As citizens gather in city squares from Caracas to Kiev to Cairo, governments are showing symptoms of agoraphobia, which literally means fear of an agora or “place of assembly.” In Swedish, this anxiety disorder is called torgskräck, or “fear of the square.”
In cases of authoritarian agoraphobia, governments have simply destroyed public squares. For example, in Bahrain, the government bulldozed Pearl Square to stymie the country’s 2011 reformist movement and prevent citizens from assembling there. In other countries, governments have erected physical barriers to restrict access to civic space. In Egypt, the military recently erected ten-foot iron gates to control access to Tahrir Square, which has become famous in recent years as a hub of protest activity. (In the photo above, an anti-Mubarak protester attaches an Egyptian flag to the barbed wire surrounding Tahrir Square in 2011.) Similarly, in Uganda, the police installed barbed wire to keep citizens out of Constitution Square, the only public square in Kampala. On March 20, 2014, the Turkish government blocked Twitter, restricting access to the digital agora.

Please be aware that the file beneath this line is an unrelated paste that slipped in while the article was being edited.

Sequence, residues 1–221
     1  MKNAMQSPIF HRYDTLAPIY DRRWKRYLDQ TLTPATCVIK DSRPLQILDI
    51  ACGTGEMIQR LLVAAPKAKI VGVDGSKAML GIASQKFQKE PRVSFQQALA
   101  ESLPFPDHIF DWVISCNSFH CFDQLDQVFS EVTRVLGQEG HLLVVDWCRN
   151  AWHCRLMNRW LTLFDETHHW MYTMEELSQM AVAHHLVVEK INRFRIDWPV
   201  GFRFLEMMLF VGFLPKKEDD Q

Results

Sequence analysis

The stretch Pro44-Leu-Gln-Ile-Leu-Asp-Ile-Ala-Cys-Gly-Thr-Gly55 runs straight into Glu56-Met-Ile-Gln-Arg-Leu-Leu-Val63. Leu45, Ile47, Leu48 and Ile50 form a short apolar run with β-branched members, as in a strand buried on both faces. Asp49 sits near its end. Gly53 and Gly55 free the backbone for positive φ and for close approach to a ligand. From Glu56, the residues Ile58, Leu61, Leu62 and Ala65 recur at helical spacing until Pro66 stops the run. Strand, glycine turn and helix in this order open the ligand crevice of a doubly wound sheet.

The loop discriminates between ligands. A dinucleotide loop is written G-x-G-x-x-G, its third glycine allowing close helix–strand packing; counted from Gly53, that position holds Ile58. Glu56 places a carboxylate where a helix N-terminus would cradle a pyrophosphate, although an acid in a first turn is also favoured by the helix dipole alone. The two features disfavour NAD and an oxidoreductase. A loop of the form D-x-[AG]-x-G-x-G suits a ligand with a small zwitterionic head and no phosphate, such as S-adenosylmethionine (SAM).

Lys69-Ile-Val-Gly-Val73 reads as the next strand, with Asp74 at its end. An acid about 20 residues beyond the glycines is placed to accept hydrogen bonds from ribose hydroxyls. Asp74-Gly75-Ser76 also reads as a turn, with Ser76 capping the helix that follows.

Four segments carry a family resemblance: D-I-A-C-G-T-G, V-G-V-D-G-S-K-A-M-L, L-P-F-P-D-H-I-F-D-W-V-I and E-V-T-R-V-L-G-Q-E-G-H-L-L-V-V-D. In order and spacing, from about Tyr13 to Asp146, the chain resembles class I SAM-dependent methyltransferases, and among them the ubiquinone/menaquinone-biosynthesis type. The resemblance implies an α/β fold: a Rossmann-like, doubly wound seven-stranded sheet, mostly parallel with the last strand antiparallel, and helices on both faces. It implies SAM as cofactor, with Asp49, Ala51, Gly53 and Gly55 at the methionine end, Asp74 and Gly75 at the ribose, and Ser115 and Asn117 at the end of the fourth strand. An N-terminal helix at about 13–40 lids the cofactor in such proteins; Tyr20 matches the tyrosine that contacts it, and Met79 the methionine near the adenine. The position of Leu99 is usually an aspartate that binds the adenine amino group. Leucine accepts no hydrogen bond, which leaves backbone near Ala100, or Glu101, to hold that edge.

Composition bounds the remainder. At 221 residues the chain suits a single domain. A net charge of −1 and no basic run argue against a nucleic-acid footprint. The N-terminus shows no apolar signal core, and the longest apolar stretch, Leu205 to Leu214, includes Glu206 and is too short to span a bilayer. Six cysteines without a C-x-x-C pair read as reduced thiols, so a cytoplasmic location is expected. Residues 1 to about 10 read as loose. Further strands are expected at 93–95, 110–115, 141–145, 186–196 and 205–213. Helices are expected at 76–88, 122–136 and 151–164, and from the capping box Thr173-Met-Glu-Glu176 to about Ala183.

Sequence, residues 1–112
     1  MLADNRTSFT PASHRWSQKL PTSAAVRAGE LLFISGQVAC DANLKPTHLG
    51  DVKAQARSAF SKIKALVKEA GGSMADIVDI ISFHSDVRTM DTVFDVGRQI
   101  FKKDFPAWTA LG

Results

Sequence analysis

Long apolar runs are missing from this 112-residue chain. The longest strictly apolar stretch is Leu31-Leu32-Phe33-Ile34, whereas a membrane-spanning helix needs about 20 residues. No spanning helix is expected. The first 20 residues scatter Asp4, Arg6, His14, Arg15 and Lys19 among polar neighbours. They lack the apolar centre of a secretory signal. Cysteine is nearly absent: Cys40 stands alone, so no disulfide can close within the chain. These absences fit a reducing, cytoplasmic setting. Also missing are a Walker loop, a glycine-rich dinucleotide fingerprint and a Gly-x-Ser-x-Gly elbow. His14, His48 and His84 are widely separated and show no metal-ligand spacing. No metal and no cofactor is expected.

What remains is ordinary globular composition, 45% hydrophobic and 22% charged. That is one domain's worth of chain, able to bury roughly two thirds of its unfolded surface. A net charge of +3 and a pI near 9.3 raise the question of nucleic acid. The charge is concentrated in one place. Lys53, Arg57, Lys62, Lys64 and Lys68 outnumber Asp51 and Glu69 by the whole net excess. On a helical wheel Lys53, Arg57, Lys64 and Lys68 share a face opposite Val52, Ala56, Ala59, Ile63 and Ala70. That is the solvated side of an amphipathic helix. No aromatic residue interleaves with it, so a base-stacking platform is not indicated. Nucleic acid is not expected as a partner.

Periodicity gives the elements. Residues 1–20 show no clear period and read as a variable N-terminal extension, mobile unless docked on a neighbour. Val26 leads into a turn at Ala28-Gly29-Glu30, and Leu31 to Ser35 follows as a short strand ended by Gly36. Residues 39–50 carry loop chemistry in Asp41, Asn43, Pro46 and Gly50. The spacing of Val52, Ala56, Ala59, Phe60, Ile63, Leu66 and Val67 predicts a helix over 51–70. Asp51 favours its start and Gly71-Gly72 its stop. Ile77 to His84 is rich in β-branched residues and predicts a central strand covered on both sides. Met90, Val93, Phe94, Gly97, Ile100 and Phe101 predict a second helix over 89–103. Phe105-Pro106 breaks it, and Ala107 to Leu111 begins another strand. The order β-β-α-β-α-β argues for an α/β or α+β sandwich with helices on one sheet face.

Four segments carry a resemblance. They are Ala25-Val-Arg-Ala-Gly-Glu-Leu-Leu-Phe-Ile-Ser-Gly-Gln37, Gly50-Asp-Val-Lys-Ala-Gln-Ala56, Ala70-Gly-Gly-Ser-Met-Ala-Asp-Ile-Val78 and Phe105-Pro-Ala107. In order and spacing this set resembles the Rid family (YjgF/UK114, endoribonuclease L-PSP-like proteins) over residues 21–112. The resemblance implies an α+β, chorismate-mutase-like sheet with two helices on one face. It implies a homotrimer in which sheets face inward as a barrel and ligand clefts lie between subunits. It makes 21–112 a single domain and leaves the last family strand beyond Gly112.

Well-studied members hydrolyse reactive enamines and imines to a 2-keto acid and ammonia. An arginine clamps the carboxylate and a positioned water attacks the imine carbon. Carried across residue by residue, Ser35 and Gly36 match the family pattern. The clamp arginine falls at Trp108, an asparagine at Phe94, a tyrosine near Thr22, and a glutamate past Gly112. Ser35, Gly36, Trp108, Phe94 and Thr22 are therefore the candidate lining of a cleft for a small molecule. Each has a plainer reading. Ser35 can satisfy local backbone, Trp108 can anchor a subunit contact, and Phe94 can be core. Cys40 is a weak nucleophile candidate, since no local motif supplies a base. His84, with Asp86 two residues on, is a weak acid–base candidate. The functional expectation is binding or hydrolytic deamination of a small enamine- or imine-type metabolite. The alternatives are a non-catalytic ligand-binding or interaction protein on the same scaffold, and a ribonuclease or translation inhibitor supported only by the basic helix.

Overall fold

Supplementing physical and electronic barriers, many governments are erecting legal barriers to civic space. In January 2014, Cambodia issued a blanket ban on all public gatherings. Days later, Viktor Yanukovych’s Ukraine enacted legislation imposing five year prison sentences on protestors if they blocked government buildings, and allowing the authorities to seize the cars of people participating in “Automaidan” protests. Shortly after, the Venezuelan government brought criminal charges, including arson and conspiracy charges to imprison citizens engaged in peaceful assemblies. These are but a few recent examples of the global agoraphobia pandemic.